Test-to-stay at schools to be implemented

In this September 2021 photo, students at Charles E. Riley Elementary prepare to enter the building on the first day of the 2021-22 school year.

OSWEGO — Oswego County public health officials announced Thursday they plan to implement a test-to-stay policy at local schools, which would shorten quarantine periods for students exposed to COVID-19 who don’t develop any symptoms and produce a series of negative tests.

The Centers for Disease Control and Prevention (CDC) defines test-to-stay programs as those  that allow school-associated close contacts, who were masked at the time of possible exposure, to continue in-person learning during their quarantine period regardless of vaccination status. Instituting this program could help minimize absenteeism and learning loss due to COVID-19 isolation and quarantine protocols, according to a release issued by county officials.

“To implement test-to-stay (programs), large and consistent testing capacities are needed,” Oswego County Public Health Director Jiancheng Huang said. “The Oswego County Health Department has reached out to school districts to coordinate and address resource needs, including dispersing grant funds for school testing and distributing over-the-counter testing kits.”

The announcement comes after the State Department of Health (DOH) issued a memo last Thursday outlining the responsibilities of local health departments in the event localities opt to institute test-to-stay programs.

Test-to-stay programs must test exposed individuals a minimum of three times during the seven-day period following exposure, unless recognition of the exposure is delayed or school breaks and/or weekends intervene, according to DOH guidelines. Exposed students remaining in school through test-to-stay programs will not be allowed to participate in sports or extracurricular activities and are subject to quarantine outside of school instruction.

 Under the updated DOH guidance for schools, health departments are tasked with assessing the local testing resources available and ensuring the opportunity to participate in a test-to-stay program is available to each school in the county. Health departments must also make sure schools remain current on reporting of all COVID-19 testing results and have written policies outlining the programs, according to the county’s release. Currently, the Oswego County Health Department is assessing testing resources, and will allow test-to-stay programs once these resources are “deemed adequate.”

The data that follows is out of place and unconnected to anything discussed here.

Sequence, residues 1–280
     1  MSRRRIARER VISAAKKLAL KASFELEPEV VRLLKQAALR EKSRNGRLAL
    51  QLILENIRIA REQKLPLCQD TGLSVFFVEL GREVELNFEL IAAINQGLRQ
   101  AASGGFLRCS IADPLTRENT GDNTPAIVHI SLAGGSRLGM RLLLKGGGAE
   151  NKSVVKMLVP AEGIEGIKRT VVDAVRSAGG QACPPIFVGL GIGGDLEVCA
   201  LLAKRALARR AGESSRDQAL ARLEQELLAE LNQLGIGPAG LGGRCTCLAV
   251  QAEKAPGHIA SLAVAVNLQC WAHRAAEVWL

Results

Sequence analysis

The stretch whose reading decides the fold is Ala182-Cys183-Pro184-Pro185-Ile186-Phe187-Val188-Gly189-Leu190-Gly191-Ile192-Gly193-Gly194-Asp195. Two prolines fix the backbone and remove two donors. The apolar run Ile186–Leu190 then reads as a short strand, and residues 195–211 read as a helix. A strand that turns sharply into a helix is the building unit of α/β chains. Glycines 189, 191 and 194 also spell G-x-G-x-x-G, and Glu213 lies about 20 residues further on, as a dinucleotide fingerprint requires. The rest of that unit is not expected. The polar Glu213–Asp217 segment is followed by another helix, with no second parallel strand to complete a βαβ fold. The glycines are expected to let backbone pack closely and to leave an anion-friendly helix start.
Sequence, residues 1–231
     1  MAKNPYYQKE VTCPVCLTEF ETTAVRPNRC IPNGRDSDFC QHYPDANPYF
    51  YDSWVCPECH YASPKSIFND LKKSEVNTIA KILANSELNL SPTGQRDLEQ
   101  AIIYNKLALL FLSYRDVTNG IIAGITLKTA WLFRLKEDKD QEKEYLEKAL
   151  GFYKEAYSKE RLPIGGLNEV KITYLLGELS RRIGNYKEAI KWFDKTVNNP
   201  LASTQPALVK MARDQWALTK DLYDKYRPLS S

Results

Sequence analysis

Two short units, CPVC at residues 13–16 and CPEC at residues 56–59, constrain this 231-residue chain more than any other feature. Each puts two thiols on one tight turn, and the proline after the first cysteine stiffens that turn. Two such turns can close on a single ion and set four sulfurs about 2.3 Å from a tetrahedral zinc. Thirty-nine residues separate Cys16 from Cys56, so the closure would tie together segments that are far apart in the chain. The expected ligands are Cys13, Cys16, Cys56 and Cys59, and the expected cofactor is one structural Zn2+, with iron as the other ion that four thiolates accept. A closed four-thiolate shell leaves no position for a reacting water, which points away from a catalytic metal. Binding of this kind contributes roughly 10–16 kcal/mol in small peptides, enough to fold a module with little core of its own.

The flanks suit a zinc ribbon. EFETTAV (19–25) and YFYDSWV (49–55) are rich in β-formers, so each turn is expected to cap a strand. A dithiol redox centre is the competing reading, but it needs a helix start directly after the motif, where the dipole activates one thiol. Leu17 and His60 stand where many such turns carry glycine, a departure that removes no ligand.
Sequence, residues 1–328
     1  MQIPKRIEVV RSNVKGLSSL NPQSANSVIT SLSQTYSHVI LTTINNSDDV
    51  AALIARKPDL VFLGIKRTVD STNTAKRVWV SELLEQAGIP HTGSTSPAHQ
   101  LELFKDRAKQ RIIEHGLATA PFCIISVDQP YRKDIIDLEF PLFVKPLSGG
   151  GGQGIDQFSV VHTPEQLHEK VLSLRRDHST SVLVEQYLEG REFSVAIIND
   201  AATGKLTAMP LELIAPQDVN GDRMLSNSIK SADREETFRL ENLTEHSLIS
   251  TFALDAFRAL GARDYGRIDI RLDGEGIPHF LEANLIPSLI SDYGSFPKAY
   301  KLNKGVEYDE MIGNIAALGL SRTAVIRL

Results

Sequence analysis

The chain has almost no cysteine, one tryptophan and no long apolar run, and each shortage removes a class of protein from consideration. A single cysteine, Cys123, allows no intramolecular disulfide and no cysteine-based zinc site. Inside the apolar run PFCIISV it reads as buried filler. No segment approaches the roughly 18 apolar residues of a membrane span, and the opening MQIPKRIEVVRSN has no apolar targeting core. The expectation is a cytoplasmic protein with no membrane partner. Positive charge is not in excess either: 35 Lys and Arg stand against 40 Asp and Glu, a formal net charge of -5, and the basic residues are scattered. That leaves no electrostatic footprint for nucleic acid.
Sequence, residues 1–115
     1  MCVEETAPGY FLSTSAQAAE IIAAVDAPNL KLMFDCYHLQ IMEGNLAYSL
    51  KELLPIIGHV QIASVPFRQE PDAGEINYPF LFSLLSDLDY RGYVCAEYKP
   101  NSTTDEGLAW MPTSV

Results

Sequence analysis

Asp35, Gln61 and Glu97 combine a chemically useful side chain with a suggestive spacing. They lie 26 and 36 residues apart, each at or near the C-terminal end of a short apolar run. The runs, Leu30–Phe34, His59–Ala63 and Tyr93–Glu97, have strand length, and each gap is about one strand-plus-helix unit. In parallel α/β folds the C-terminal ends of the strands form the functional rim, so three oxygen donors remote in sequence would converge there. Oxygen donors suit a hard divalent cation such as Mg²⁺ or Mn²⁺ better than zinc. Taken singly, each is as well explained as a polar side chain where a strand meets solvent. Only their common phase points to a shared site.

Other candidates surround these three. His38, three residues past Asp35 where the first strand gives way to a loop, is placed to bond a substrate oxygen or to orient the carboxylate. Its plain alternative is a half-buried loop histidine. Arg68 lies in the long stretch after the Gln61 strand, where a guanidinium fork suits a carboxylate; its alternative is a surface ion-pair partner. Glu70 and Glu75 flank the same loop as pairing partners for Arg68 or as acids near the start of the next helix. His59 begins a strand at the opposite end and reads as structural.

These programs are not mandated by the state, according to the memo. The DOH memo also marks a reversal of course for the department, as they had previously issued guidance to local health departments back in October that allowed for implementation of test-to-stay programs in schools, but suggested the state wouldn’t directly recommend them.

Last week, Huang ruled out instituting test-to-stay programs, noting that the Oswego County Health Department did not have the testing capacity to support large-scale testing for all districts in the county.

Despite a surging wave of positive COVID-19 cases seen across the state, Gov. Kathy Hochul has affirmed during multiple press events this month that the state is not looking to close down schools. She has also said the state has bought and will distribute 2 million rapid tests to school districts in January to aid with test-to-stay programs. 

Oswego County has reported 514 new cases from Dec. 20-26. On Tuesday, the county reported that 221 of the 830 COVID-19 tests performed that day produced a positive result — or 26.63 percent.

 

The uptick in cases in the city of Oswego, alongside staffing shortages, caused Port City schools to transition to remote learning on Dec. 17. Oswego City School District (OCSD) Superintendent Mathis Calvin III told district families in a letter the district is eyeing a return to in-person instruction on Jan. 3.

 “Please know that we look forward to seeing all of our students “in-person” on Jan. 3,” Calvin said in a note to parents issued Thursday. “Should any parent or guardian have a question or concerns, they are encouraged to reach out to their school principal directly. Thank you for your time, patience and consideration of this information.”

 Calvin noted the district has received calls from parents interested in transporting students to and from school. 

“If parents wish to transport their children, the district has no objection to this,” Calvin said. “We only ask that you contact the transportation department to inform them of this change.”

The district’s transportation department can be reached at (315)-341-2900.